|Geez, I LOVE this city.|
So my madre is going to Prague for the first time, and I am SUPER excited for her -- as some of y'all know, I lived in Prague for a couple of months, and had the chance to take the Boyf there a year ago to revisit some of my favorite places.
I emailed her this list of things to do today, and I wanted to share it with you guys. Here goes:
-Eat smazeny syr- it is fried cheese, and it is at the 24-hour kiosks on Wenceslaus Square. It's a mozzarella burger thing and I ADORE IT. Also not a bad place to try a sausage.
-Czechs dress casually almost everywhere, including nightclubs. No need to dress up or seek out fancy restaurants unless you particularly want to, the Czechs don't.
-You should read something by Milan Kundera, but Czechs don't really talk about him -- I guess his political exile is shameful in some way, but I think his books are more helpful than Kafka's when understanding the Czech people. Vaclav (that's "va-ts-lav," people) Havel also wrote some beautiful essays during his presidency which are really worth a read.
-Use Czech words, most people don’t bother and it means a lot to folks to hear travelers try (all the totally wild and poorly behaved -- mainly British, sorry Mom! -- stag parties and such make the Czechs wary of English speakers, even though everyone speaks English in Prague)
-Most neighborhoods are extremely safe at night, and it’s actually more dangerous in Praha 1 (Old Town) because of the sheer number of foreigners. Pickpockets ABOUND in Praha 1, but there is really no violent crime anywhere in the city. The crowds can also be maddening in certain areas, particularly near the astronomical clock, it's easy to get robbed or just knocked over.
-Avoid most jazz clubs, they are tourist traps
-Try to catch a concert at the "Dvorak Hall," the Czech Philharmonic is GLORIOUS
-I never saw blacklight theater, but if you do, pick a reputable theater such as the national theater
-Garnet is local, but amber usually comes from Poland, so be careful if you want Czech jewelry (there is some Czech amber, I believe)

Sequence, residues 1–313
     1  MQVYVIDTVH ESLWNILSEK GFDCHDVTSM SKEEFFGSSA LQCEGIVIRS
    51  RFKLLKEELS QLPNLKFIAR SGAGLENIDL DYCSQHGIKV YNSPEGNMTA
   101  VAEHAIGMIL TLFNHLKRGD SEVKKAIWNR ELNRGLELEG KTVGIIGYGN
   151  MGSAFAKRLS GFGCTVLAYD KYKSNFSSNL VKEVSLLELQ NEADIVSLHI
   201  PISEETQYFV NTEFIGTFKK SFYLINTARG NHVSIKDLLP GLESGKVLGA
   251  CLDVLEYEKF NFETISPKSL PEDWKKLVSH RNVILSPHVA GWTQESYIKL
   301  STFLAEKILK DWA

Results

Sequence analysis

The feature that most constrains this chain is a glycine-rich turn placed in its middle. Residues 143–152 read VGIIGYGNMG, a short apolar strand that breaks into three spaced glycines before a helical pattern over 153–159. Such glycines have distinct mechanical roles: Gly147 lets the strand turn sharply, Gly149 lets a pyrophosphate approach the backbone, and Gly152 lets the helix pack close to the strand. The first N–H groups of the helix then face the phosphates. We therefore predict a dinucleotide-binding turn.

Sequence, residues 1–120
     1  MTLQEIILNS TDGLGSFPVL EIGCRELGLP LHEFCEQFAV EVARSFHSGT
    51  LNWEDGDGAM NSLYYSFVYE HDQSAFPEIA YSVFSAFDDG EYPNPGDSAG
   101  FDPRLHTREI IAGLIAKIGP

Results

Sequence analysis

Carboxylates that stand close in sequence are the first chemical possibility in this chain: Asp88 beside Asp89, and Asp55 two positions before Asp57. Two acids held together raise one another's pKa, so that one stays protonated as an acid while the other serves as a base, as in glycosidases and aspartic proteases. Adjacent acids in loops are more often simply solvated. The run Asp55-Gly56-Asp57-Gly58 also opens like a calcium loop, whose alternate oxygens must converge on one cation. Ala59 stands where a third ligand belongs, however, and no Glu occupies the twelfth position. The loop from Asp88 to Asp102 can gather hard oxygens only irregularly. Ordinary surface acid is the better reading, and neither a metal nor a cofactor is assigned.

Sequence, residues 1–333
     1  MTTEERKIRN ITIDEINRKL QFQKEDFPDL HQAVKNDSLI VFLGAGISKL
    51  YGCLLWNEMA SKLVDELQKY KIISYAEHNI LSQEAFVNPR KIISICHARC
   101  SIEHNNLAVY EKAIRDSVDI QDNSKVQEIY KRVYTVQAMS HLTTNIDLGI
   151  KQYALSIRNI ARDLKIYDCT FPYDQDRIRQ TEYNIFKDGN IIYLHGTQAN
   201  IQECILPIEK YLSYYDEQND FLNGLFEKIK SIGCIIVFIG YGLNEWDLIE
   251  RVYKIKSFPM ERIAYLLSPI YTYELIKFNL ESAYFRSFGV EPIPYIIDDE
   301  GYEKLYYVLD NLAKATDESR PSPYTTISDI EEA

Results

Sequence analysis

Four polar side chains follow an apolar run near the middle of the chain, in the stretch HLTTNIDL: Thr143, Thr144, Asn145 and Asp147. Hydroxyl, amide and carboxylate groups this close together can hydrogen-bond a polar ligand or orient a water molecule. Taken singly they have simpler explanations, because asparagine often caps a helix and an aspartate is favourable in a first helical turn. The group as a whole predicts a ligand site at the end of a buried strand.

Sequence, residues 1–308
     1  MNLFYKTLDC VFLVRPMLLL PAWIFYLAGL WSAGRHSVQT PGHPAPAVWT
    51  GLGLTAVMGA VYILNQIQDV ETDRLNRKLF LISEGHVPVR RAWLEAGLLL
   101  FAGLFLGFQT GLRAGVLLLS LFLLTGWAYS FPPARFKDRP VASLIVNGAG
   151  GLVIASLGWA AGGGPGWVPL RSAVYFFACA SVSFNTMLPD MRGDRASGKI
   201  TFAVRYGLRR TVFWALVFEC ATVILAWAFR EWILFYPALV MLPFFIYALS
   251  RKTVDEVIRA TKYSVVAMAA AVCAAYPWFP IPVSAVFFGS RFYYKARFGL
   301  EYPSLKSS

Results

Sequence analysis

-Holesovice, Dejvicka, Andel, Vinohrady, Zizkov – all are more “normal” neighborhoods (and you have to go to a normal neighborhood, Praha 1 is SO FULL OF FOREIGNERS), that you could easily get to by metro, tram, or walking if you’re up for it. The food is WAY cheaper in these areas. If you are paying the same amount for food that you would in the US, you are overpaying and the quality is sadly almost universally going to be lower because they know to treat you like a tourist (it's gotten more expensive lately, but this rule still holds).
-The metro is clean, safe (at night, too), and super useful.
-The tram is a good way to see the city if you are too tired from walking, and according to this it is tram #22 that does the scenic loop of the city, which is a nice way to get oriented when you first arrive without a ton of walking.
-Don’t hail cabs, it's super dangerous. Walk, use public transport, or call a reputable cab company. If you find a driver you like, keep their info and call them when you need a ride.
-The walk up to Prague Castle (Prazky Hrad) is STEEP. There might be a tram route, I know there is one that goes at least halfway up the hill, I think from near the national theater or the Praha 1 end of the Charles Bridge, but I don't know the number...
-Just ask for beer (pivo/a), don't specify which. You'll get a Pilsner Urquell or a Staropramen, and they taste WAY better on tap there than elsewhere (the Czech Republic is known for its quality mineral waters and spas, so beer tastes better there because it's made with czech water -- also a GREAT reason to buy bath products made in the CR, because the mineral content of all the products is off the charts)
Okay, that is what comes to mind -- what do you know about Prague that you would add to this list?